By John Vidal, The Guardian
The concentration of carbon dioxide in the atmosphere has reached 399.72 parts per million (ppm) and is likely to pass the symbolically important 400 ppm level for the first time in the next few days.
Readings at the U.S. government's Earth Systems Research laboratory in Hawaii, are not expected to reach their 2013 peak until mid-May, but were recorded at a daily average of 399.72ppm on April 25. The weekly average stood at 398.5 on Monday.
The Mauna Loa Observatory, located on Mauna Loa volcano, on the big island of Hawaii.
Hourly readings above 400ppm have been recorded six times in the last week, and on occasion, at observatories in the high Arctic. But the Mauna Loa station, sited at 3,400 meters (11155 feet) and far away from major pollution sources in the Pacific Ocean, has been monitoring levels for more than 50 years and is considered the gold standard.
“I wish it weren't true but it looks like the world is going to blow through the 400ppm level without losing a beat. At this pace we'll hit 450ppm within a few decades,” said Ralph Keeling, a geologist with the Scripps Institution of Oceanography which operates the Hawaiian observatory.
“Each year, the concentration of CO2 at Mauna Loa rises and falls in a sawtooth fashion, with the next year higher than the year before. The peak of the sawtooth typically comes in May. If CO2 levels don't top 400 ppm in May 2013, they almost certainly will next year,” Keeling said.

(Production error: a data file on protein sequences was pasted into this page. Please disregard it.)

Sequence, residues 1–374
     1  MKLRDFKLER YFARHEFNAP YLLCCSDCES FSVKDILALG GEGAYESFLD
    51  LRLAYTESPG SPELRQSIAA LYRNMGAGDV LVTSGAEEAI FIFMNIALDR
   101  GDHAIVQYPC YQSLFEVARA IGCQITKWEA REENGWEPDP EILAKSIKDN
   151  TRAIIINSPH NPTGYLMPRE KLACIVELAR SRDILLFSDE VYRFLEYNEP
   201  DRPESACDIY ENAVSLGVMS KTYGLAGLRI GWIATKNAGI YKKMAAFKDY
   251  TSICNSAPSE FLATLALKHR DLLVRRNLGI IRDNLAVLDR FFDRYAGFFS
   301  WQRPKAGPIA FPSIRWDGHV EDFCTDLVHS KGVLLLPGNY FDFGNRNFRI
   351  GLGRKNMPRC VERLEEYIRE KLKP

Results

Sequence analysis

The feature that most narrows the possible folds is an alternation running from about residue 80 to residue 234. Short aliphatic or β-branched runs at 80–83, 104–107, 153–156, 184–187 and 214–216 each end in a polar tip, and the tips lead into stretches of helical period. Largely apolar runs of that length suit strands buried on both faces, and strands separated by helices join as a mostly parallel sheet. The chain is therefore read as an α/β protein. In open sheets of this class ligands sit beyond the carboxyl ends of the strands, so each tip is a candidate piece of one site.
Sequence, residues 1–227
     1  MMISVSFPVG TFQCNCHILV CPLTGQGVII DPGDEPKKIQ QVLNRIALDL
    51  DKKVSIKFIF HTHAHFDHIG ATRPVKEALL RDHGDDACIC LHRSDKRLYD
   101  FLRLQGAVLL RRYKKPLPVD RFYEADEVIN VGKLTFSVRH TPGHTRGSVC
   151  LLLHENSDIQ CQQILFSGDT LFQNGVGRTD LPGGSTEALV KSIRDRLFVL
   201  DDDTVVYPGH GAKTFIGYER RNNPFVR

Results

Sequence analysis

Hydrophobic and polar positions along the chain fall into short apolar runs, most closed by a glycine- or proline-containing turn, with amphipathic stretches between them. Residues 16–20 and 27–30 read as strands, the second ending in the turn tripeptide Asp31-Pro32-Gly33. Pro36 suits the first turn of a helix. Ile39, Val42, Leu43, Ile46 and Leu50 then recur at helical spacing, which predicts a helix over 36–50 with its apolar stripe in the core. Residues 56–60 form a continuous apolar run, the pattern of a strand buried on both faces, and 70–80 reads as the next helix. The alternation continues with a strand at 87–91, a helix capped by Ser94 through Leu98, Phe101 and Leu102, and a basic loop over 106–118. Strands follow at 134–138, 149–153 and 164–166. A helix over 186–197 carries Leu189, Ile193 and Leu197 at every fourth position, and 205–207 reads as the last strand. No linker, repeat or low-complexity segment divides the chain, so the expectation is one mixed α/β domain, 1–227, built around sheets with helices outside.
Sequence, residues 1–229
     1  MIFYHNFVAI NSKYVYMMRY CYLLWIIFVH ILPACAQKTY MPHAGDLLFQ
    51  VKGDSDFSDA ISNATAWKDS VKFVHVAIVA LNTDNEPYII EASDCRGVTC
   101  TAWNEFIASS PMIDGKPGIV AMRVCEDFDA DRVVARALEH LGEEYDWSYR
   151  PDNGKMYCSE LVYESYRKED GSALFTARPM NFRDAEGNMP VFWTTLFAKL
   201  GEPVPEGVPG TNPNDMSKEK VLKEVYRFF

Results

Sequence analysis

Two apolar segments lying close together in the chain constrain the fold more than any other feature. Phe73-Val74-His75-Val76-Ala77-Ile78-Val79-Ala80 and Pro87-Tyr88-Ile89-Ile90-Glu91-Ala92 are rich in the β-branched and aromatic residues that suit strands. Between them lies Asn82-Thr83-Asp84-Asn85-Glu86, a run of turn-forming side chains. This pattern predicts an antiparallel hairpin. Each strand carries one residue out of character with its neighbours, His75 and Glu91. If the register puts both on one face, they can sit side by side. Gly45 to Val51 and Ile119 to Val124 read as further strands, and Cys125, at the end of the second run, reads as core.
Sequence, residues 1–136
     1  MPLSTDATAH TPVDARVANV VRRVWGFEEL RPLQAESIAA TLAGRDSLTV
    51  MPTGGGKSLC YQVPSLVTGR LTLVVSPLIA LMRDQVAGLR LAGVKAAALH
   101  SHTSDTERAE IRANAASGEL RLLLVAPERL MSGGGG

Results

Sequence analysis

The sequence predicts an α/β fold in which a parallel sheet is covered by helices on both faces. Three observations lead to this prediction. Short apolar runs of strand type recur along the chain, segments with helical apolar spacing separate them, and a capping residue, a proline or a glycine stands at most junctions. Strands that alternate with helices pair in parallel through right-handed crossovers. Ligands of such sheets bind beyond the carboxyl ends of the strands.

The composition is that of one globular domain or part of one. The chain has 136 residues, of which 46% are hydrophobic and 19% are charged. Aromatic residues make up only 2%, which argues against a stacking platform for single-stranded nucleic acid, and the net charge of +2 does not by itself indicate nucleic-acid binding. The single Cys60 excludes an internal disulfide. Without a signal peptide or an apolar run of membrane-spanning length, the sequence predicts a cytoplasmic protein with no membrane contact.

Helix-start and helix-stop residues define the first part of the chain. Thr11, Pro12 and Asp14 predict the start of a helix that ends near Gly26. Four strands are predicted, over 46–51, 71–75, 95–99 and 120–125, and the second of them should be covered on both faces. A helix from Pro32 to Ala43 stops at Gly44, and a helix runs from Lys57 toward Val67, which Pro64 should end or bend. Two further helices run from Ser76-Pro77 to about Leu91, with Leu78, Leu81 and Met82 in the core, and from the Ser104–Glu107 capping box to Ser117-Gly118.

CO2 atmospheric levels have been steadily rising for 200 years, registering around 280ppm at the start of the industrial revolution and 316 ppm in 1958 when the Mauna Loa observatory started measurements. The increase in the global burning of fossil fuels is the primary cause of the increase.
One year of CO2 daily and weekly means at Mauna Loa.
Click image to enlarge. Credit: NOAA
The approaching record level comes as countries resumed deadlocked U.N. climate talks in Bonn. No global agreement to reduce emissions is expected to be reached until 2015.
“The 400ppm threshold is a sobering milestone, and should serve as a wake up call for all of us to support clean energy technology and reduce emissions of greenhouse gases, before it's too late for our children and grandchildren,” said Tim Lueker, an oceanographer and carbon cycle researcher with Scripps CO2 Group.
The last time CO2 levels were so high was probably in the Pliocene epoch, between 3.2 million and 5 million years ago, when Earth's climate was much warmer than today.
Reprinted with permission from The Guardian.